Kaiser mental health care lacking, state says; HMO hit with $4 million fine
06/26/2013 12:00 AM
06/27/2013 8:42 AM
Imposing the second-largest fine in its history, the California Department of Managed Health Care on Tuesday slapped Kaiser health plans with a $4 million penalty for failing to provide mental health treatment in a timely manner.
The department also issued a cease and desist order to Kaiser, forbidding the health plan from continuing practices in violation of state law, which ensures equal care for mental and physical health.
An investigation that started in 2012 found that Kaiser's written description of its mental health services was so complicated and misleading that it "could dissuade an enrollee from pursuing medically necessary care."
Kaiser Permanente officials responded Tuesday by saying improvements are under way, and they plan to challenge the fine as too stiff.
Only one other fine in the history of the department exceeded Kaiser's.
That was in 2008 when Anthem Blue Cross was hit with a $10 million penalty for wrongfully rescinding consumers' health insurance coverage.
"The amount of the proposed penalty is unwarranted and excessive, and is unnecessary to ensure our corrective actions," said John Nelson, vice president for Kaiser Permanente. "We will review this with the DMHC."
Three months ago, the department released a detailed report saying Kaiser needed to see mental health patients more quickly and improve its public disclosures or face penalties.
It provided Kaiser with a laundry list of deficiencies to correct, including these examples:
A FAQ sheet for Kaiser in Northern California says: "We offer brief, problem solution-focused individual counseling. Research shows many people improve in a single visit. We do not offer long-term individual psychotherapy at Kaiser."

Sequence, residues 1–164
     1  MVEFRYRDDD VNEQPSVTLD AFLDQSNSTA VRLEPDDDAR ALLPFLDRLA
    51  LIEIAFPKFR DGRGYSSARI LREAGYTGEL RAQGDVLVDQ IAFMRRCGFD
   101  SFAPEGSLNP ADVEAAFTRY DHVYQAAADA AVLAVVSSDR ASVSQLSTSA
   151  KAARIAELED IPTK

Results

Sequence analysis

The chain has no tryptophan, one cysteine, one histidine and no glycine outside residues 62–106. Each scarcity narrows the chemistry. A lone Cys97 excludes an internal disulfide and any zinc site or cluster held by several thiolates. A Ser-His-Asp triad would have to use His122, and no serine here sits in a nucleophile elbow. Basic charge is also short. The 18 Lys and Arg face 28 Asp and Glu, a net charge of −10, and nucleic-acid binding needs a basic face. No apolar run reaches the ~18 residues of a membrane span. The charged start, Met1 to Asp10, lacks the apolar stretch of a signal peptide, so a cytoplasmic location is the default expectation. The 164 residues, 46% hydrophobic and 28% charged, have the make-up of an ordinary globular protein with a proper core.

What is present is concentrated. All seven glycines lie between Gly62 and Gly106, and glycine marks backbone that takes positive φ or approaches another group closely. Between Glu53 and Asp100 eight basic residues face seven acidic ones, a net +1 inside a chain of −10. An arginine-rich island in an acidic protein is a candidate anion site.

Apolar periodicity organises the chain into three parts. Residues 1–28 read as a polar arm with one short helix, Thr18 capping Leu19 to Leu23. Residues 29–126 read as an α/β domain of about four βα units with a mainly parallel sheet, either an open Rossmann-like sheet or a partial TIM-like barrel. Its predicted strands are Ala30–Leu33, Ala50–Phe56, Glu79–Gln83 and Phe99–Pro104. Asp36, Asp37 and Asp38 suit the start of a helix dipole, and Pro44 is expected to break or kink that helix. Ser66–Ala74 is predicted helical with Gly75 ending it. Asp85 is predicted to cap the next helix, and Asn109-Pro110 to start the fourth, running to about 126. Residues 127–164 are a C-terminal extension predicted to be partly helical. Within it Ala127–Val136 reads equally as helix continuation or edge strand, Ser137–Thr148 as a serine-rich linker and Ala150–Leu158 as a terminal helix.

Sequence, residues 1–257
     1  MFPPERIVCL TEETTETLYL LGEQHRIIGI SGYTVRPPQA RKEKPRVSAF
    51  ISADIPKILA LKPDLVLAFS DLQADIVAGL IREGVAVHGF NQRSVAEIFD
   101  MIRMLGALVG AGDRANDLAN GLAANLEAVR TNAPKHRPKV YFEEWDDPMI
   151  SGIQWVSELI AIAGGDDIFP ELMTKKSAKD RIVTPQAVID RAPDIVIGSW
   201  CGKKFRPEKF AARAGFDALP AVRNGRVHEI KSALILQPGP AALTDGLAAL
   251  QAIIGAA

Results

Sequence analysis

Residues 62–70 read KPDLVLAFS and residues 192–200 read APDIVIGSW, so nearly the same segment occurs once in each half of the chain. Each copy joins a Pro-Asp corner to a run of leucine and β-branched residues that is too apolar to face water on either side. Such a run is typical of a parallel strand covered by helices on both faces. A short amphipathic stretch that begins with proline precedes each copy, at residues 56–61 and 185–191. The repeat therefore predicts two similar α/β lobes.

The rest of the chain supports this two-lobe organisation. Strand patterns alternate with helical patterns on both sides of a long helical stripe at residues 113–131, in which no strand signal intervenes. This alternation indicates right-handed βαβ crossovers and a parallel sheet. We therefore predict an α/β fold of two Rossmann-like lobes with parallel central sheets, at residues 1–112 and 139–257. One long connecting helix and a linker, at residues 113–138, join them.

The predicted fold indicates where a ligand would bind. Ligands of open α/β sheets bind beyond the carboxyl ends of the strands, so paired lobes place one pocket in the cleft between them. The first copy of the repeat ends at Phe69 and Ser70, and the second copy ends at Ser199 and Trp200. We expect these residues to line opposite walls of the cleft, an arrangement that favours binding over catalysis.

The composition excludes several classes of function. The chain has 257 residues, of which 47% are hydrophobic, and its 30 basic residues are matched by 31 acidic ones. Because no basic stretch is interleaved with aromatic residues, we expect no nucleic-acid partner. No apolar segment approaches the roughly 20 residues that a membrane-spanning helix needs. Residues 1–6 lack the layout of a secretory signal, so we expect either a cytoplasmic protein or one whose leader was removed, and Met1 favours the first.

Kaiser's website for its Northern California Department of Psychiatry says: "In general, we do not begin treatment with individuals whose problems are of such a long-standing nature that short-term treatment would probably not be helpful. We will refer such individuals (elsewhere), although this treatment will not be a Kaiser-covered benefit and will not be paid for by Kaiser."
Kaiser has failed to ensure that appointments for mental health care are offered in a timely manner, making patients wait too long between visits.
Managed Health Care officials said advising patients that long-term psychotherapy is unavailable violates the state's mental health parity law. The law says that mental illness must be treated on par with physical illnesses.
The investigation follows complaints in 2011 by the union representing Kaiser's mental health clinicians that Kaiser's mental health practices were deficient.
Last March, the department issued a report that contained serious findings but offered Kaiser the opportunity to correct them prior to being fined.
However, DMHC Director Brent Barnhart said Kaiser did not move fast enough to fix its problems.
"The department's actions are a result of both the seriousness of (Kaiser's) deficiencies and the failure of Kaiser to promptly correct them," Barnhart said.
For its part, Kaiser said it has been working diligently to improve its mental health care.
The health care giant pointed out that state regulators did not find fault with members' ability to receive urgent or emergency mental health services.
In addition, Nelson said, Kaiser has hired new providers to reduce the waiting time for appointments, and is recruiting more.
Nelson also pointed to data indicating that the majority of requests for initial therapist appointments are booked within 10 business days.
The state, however, said Kaiser made patients wait at least 14 days after an appointment before they could call to schedule another one, meaning a patient could not receive a treatment plan that was pre-scheduled for several individual appointments over a two- to three-month period.
Dr. Andris Skuja, a Kaiser psychologist, offered strong words in reaction to the news of the $4 million fine and cease-and-desist order.
"This action confirms what every Kaiser clinician knows," Skuja said. "Kaiser doesn't take mental health care for its patients seriously."
Kaiser has 7 million members in California.
For enrollees who have had problems accessing care, department spokesman Rodger Butler suggested they call the department's help line at (888) 466-2219.
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